It was nearing the end of summer, but most of the Knights of Hyper-V were still on vacation. There was of course always one knight on call, but the others were lazily roaming the countryside, or lounging along the bank of a river pretending to be on a fishing trip. Some even went on expeditions to far away realms looking for trouble, relaxation, fancy fishing gear, VMWare-proof armor, or new riding boots. The all-seeing monitors however, were not on vacation. To be honest we do not even know if they ever sleep, they just seem to take turns going into hibernation mode. Instead they had spent the summer installing new crystal orbs, automated all-seeing eyes and such. One of their new contraptions was some kind of network enabled spooky ghost detector. Its purpose was to send probes into The Wasteland of Nexus and attempt to locate signs of the ghosts of forgotten VMs and other security problems.
This came about as flaws had been discovered in the procedure for disposal of outdated VMs. The minions responsible for dealing with outdated VM disposal had gotten increasingly bureaucratic, spending most of their time hassling others with demands of forms filled in triplicate to update documentation. And such tasks are of course important, but the most important thing is to actually dispose of the old VM. The result was a number of undocumented (as the documentation had been updated) VMs roaming The Wasteland of Nexus without updated security software, making the entire realm vulnerable to outside attacks from beyond the wall. Firewall that is.
Such was the back-story, when one dark and gloomy midsummer morning, a trouble ticket landed in the inbox of the knight on call with a loud boom. It was another list of suspect activities detected in the wasteland. A couple of probes had returned during the night, complaining about servers without patches several years old. To add a little spice to the mix, this was ghost servers. If you nocked on the right door they would answer, but they were not listed anywhere. Not in the labyrinthine CMDB, and certainly not in any of the address books. For all intents and purposes they did not exist. Except of course for the undeniable fact that they most certainly did. This was something that could provide days, if not months of confused contemplation for social studies majors, human resources, project managers and others of similar ilk. But the knight was an engineer and simply scoffed at such irrelevancies. To him this was simply a problem looking for a solution. But which solution? The available information pointed to an ancient server from 2010. That is a very long time ago, and at least two documentations systems has been sent off to Valhalla by the way of funeral pyre in the meantime. The current buzzword-friendly variant was named after the Chinese philosopher Confucius. He was the inventor of the term “Do not do to others what you do not want done to yourself”, but if such terms was to be enforced in documentation systems, violent outbreaks would be the norm, as most documentation can be interpreted as a form of torture. Anyways, no trace of the ghosts were found in the current system, and the old ones were burned. There was always a faint hope that someone had kept a personal log mentioning the ghosts former names, but no such luck was to be had this time around.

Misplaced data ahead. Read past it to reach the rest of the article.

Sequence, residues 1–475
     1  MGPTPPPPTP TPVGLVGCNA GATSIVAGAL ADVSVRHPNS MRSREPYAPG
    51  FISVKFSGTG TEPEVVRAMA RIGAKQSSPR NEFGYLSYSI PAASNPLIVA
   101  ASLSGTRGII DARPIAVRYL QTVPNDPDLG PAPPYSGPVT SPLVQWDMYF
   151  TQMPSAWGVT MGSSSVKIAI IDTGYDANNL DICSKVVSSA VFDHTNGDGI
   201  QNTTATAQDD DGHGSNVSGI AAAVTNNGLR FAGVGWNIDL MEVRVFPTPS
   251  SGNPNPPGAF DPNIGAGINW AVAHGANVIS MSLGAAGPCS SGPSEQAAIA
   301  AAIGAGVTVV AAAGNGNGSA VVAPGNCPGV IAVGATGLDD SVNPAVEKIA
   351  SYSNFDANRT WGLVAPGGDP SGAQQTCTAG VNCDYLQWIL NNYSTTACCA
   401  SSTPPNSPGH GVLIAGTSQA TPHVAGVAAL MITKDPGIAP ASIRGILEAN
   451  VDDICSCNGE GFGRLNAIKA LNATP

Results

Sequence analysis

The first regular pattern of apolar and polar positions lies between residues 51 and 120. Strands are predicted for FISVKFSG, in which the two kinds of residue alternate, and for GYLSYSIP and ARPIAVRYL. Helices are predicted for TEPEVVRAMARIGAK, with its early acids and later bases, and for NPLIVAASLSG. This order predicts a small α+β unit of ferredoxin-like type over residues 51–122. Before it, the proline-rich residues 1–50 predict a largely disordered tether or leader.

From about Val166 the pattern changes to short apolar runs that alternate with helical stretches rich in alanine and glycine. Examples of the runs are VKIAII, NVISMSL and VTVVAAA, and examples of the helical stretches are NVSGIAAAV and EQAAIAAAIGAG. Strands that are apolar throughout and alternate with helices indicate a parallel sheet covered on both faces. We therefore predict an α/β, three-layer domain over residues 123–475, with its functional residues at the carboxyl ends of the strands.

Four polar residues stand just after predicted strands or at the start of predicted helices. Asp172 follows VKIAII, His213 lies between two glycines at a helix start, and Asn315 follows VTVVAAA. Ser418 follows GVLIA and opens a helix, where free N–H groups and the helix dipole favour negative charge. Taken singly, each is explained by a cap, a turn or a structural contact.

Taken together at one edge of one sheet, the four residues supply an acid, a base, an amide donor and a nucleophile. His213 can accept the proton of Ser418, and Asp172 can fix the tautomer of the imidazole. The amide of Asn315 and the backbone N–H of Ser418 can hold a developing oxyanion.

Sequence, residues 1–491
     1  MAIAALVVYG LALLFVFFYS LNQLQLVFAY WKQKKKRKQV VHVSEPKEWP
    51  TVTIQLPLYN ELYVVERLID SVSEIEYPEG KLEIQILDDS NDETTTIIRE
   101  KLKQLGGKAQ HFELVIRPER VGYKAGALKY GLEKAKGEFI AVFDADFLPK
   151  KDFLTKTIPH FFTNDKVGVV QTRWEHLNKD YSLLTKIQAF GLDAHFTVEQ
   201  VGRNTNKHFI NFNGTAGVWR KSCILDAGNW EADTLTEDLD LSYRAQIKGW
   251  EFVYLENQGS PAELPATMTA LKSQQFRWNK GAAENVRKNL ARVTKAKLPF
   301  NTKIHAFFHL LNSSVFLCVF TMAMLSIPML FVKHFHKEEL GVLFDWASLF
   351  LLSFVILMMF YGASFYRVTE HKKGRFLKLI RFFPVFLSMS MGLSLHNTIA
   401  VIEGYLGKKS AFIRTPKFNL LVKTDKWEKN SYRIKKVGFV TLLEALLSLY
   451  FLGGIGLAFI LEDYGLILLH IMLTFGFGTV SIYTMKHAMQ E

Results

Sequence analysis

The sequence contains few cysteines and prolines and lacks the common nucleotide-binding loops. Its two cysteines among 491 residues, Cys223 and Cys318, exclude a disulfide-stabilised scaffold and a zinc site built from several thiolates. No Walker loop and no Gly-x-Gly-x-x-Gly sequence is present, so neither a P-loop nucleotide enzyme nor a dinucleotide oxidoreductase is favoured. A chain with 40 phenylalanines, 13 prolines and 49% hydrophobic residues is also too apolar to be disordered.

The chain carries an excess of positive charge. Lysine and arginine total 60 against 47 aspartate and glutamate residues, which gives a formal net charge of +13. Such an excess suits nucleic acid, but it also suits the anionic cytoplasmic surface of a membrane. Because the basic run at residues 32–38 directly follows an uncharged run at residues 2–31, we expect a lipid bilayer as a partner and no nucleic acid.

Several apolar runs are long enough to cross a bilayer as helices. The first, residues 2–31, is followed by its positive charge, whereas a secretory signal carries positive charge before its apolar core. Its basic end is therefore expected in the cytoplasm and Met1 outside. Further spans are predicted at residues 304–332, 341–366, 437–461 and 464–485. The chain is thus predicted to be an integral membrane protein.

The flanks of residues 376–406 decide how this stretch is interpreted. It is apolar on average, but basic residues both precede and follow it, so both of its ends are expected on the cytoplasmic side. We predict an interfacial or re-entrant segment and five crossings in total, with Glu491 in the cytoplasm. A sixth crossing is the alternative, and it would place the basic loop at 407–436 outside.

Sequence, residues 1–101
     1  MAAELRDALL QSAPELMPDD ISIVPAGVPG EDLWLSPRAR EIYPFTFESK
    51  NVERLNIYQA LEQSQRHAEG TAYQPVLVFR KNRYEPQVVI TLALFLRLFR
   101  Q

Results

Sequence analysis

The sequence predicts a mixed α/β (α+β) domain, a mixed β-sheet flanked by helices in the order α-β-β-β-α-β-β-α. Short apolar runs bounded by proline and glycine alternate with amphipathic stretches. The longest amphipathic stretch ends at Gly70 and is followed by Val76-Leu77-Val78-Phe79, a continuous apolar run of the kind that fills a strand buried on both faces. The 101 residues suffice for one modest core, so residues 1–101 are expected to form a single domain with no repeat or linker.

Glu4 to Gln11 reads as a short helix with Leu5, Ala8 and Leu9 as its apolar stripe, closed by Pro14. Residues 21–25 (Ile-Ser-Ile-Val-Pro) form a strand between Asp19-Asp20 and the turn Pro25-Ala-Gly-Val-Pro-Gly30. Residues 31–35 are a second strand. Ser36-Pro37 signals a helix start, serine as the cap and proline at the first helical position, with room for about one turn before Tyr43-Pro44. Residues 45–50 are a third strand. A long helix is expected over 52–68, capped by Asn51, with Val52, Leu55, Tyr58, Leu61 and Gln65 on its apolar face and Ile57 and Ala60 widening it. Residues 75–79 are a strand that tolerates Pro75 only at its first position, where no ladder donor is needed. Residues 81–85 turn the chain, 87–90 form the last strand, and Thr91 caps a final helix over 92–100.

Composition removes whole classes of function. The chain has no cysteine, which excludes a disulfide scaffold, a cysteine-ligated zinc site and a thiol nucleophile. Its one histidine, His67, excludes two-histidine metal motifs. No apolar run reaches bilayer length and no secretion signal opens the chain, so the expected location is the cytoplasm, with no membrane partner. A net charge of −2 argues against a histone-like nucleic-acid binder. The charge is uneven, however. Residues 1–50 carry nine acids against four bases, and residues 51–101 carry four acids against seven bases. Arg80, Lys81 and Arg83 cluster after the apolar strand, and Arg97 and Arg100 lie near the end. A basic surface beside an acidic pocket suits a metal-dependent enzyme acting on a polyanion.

The knight went back to the all-seeing monitors and requested more information to aid him in his search. Another probe was dispatched into the spirit world, this time with instructions to look for identifying marks instead of fuzzing about missing security updates, foul stenches and gates left open. While waiting for the probes to return, the knight identified an old long forgotten storage system. The storage minions swore it had been properly decommissioned and disposed of years ago, but it was found to be chugging along under a desk, consuming power and collecting dust.
Another sub-quest expedition to the physical realm of Hyper-V hosts revealed that someone had been re-inserting old decommissioned servers that were kept around for spare parts into the magic cabinet of the silver slanted ‘E’. Or it could of course bee that they had never been removed in the first place due to bureaucratic loops and lost scrolls of Todo. Anyways, the knight had bagged two ghosts.
We rejoin our knight the next morning. For once it was a good morning. The sun was shining, and the success of yesterday’s sub-quests were still lingering in the knights mind. Sadly, that would soon change. The probes were back, and they were happily reporting that the former names of the ghosts had been decoded. This identified the responsible service team, but the service team minions were all relatively new and had never heard of these old ghosts. Armed with new knowledge the knight went straight to the VMM daemons to demand an explanation. But to his great alarm, he found that the VMM daemons to had never heard of these ghosts. Feverishly the knight searched the scrolls of physical servers, in a vain hope that the servers nevertheless were physical beings, but no. No such server had ever existed. With that, only one possible solution remained; the ghost were located in the realm of VMWare!
There was no choice other than to beseech the man with the crowbar to borrow his Hazard Suit and plan an expedition to the toxic fields of vCenter. Once there, the ghosts were immediately detected. On a closer (but hasty) inspection of the remaining area, the knight also identified two other ghosts. He quickly filled out a scroll identifying the ghosts, and went back to more pleasing surroundings. He then updated the trouble ticket and forwarded it to the unholy riders of VMWare, hoping that he wouldn’t have to go back for a long, long time.